A Ghost Story

Fortean Times - - Reviews/Films - Daniel King

Dir David Low­ery, US 2017 On UK re­lease from 11 Au­gust The first thing to say about A Ghost

Story is that it isn’t a ghost story, at least not in the M R James sense. Ad­mit­tedly, Casey Af­fleck’s ghost ap­pears as the clas­sic whitesheeted phan­tom and, true, there is a brief se­quence of poltergeist­style crock­ery throw­ing, but th­ese are not what di­rec­tor David Low­ery is re­ally in­ter­ested in. Rather, he uses the ghost as a ve­hi­cle to ex­plore themes of loss, grief, lone­li­ness and love. Un­for­tu­nately, he does this in a pon­der­ous, vague and frankly pre­ten­tious man­ner, which ren­ders the film largely in­ef­fec­tive.

Af­fleck’s char­ac­ter is ‘C’ (it’s typ­i­cal of the film that the char­ac­ters have ini­tials in­stead of proper names; we should at least be grate­ful that they used up­per case) and he is hap­pily mar­ried to ‘M’ (Rooney Mara). When C is killed in a car ac­ci­dent M is nat­u­rally in­con­solable, but what she can’t see and doesn’t know is that C has fol­lowed her home from the hos­pi­tal, now clad in the white sheet that cov­ered him in the morgue.

C silently ob­serves his wife as she strug­gles to cope with her grief, un­able to com­mu­ni­cate with or even touch her. Even­tu­ally, she sells up and moves out, and we re­alise that C is tied to the place where he lived. The film then sees C haunt­ing, in both senses, his for­mer home as the end­less years crawl by and new oc­cu­pants come and go.

Ter­rence Mal­ick has a lot to do with the cur­rent Hol­ly­wood vogue for solemn, por­ten­tous films which usu­ally fall short of the pro­fun­dity for which they are striv­ing; the prob­lem is that long and slow is mis­taken for im­por­tant and mean­ing­ful (even in Mal­ick’s own work). A Ghost Story avoids the first prob­lem by be­ing mer­ci­fully brief (around 90 min­utes) but it is of­ten painfully slow. One se­quence in par­tic­u­lar has been re­ceiv­ing plenty of at­ten­tion: Rooney Mara sit­ting on her kitchen floor com­fort-eat­ing an en­tire chocolate pie that a sym­pa­thetic friend has made for her. For bet­ter or worse, it en­cap­su­lates the en­tire film: de­lib­er­ately pro­tracted, beau­ti­fully com­posed, but ut­terly de­void of mean­ing or pur­pose.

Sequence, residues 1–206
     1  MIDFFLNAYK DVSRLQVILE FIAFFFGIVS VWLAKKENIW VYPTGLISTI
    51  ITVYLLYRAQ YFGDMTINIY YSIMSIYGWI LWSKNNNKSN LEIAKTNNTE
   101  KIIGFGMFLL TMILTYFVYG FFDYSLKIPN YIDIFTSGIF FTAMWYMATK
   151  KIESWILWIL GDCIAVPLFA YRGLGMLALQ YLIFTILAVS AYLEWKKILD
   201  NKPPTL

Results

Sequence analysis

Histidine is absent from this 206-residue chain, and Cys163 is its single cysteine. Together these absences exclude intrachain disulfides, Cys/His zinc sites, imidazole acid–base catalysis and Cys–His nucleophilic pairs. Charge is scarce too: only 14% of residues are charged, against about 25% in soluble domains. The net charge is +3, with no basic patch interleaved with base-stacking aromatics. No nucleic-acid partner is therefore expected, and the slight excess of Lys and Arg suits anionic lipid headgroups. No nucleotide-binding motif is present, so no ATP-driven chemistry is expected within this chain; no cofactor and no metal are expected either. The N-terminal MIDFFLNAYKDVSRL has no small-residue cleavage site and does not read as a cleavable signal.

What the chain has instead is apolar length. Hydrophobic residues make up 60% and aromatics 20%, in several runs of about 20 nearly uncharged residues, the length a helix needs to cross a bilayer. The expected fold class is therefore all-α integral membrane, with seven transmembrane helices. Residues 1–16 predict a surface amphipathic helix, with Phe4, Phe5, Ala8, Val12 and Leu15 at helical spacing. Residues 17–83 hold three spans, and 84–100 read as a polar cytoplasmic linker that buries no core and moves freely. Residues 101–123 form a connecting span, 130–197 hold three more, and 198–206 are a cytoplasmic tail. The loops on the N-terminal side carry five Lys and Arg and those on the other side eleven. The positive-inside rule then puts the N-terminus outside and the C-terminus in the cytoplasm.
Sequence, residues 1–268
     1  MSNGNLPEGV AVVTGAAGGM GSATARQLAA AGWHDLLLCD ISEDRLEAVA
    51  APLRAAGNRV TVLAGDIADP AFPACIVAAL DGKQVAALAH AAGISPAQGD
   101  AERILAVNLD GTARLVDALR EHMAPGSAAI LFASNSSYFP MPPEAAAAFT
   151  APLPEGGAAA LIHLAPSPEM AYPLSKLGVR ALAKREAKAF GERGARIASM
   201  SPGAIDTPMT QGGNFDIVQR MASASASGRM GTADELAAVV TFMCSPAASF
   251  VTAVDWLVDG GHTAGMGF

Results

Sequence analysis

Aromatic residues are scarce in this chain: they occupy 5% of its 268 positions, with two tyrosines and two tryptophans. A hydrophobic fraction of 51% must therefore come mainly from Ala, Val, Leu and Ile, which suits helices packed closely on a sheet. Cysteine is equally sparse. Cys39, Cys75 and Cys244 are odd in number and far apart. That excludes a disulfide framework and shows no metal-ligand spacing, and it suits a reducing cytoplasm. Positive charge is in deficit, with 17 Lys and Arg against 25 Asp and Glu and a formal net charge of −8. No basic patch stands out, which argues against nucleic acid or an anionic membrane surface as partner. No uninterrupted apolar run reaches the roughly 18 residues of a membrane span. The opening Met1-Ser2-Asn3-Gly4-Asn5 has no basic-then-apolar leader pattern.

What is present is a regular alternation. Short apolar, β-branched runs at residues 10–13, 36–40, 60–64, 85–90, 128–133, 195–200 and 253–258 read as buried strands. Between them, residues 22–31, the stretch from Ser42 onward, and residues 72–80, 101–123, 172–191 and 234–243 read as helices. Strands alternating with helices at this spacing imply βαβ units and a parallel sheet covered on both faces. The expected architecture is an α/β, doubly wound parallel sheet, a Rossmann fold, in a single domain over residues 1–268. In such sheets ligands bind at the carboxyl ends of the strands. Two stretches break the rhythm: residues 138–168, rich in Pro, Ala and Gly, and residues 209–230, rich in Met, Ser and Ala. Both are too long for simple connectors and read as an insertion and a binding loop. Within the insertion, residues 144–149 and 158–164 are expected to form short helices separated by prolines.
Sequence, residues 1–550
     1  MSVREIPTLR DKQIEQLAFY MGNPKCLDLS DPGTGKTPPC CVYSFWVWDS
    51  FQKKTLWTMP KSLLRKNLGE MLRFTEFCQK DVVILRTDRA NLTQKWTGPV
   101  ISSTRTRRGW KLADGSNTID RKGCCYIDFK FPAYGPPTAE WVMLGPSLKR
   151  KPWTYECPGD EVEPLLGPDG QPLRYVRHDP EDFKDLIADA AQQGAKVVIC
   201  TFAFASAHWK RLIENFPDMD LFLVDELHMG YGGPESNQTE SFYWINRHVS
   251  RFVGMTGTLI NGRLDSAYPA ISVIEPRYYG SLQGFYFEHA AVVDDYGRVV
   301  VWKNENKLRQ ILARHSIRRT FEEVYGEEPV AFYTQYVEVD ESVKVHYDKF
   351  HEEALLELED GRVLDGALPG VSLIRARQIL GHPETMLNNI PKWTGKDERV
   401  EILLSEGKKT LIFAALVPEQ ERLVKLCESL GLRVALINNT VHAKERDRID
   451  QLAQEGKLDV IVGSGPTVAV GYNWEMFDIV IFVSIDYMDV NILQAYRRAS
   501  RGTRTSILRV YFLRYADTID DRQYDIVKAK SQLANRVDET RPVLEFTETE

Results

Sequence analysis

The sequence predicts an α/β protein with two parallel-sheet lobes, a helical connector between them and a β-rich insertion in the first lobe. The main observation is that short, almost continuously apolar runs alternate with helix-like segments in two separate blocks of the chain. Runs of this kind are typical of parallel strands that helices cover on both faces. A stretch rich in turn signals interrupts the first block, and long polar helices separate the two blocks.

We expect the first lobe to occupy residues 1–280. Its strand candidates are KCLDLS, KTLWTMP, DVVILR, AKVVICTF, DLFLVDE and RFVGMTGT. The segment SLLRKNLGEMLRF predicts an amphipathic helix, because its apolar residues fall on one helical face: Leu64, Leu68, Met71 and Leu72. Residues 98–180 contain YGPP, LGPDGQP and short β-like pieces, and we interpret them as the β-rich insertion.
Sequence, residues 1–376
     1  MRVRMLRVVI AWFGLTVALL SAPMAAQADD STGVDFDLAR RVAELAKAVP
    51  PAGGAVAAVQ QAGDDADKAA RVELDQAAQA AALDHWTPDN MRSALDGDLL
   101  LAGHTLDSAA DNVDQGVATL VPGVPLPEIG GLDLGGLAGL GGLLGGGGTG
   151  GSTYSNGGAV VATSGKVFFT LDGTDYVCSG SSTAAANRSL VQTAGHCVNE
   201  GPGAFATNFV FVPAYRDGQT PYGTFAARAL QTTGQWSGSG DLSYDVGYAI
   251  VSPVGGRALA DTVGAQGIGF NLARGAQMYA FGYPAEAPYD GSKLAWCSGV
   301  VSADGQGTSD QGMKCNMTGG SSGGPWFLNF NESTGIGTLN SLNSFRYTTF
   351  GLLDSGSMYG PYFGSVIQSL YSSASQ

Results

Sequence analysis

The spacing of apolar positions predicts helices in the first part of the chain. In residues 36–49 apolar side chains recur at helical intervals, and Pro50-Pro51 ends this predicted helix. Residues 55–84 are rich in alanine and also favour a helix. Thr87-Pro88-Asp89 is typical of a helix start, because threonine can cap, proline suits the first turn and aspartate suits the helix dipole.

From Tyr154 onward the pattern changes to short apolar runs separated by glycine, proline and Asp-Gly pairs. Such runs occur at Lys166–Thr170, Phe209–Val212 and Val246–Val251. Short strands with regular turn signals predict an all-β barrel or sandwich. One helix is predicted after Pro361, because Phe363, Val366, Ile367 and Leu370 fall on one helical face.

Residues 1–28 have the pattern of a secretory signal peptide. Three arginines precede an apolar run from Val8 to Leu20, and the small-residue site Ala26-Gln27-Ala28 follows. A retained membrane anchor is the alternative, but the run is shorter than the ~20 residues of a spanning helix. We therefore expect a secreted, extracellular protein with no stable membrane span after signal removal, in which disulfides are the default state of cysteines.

There are some good things about the film. Af­fleck and Mara are fine ac­tors and de­spite be­ing given pre­cious lit­tle to work with they adroitly con­vey the love and grief that in­evitably go hand in hand in hu­man re­la­tion­ships. Low­ery’s choice of the 1.33:1 as­pect ra­tio (not the usual widescreen one we’re used to th­ese days) is an un­usual and in­ter­est­ing one, which he says he made to heighten the sense of con­tain­ment, but the film gives the im­pres­sion of play­ing with deep themes with­out ever re­ally en­gag­ing with them prop­erly.

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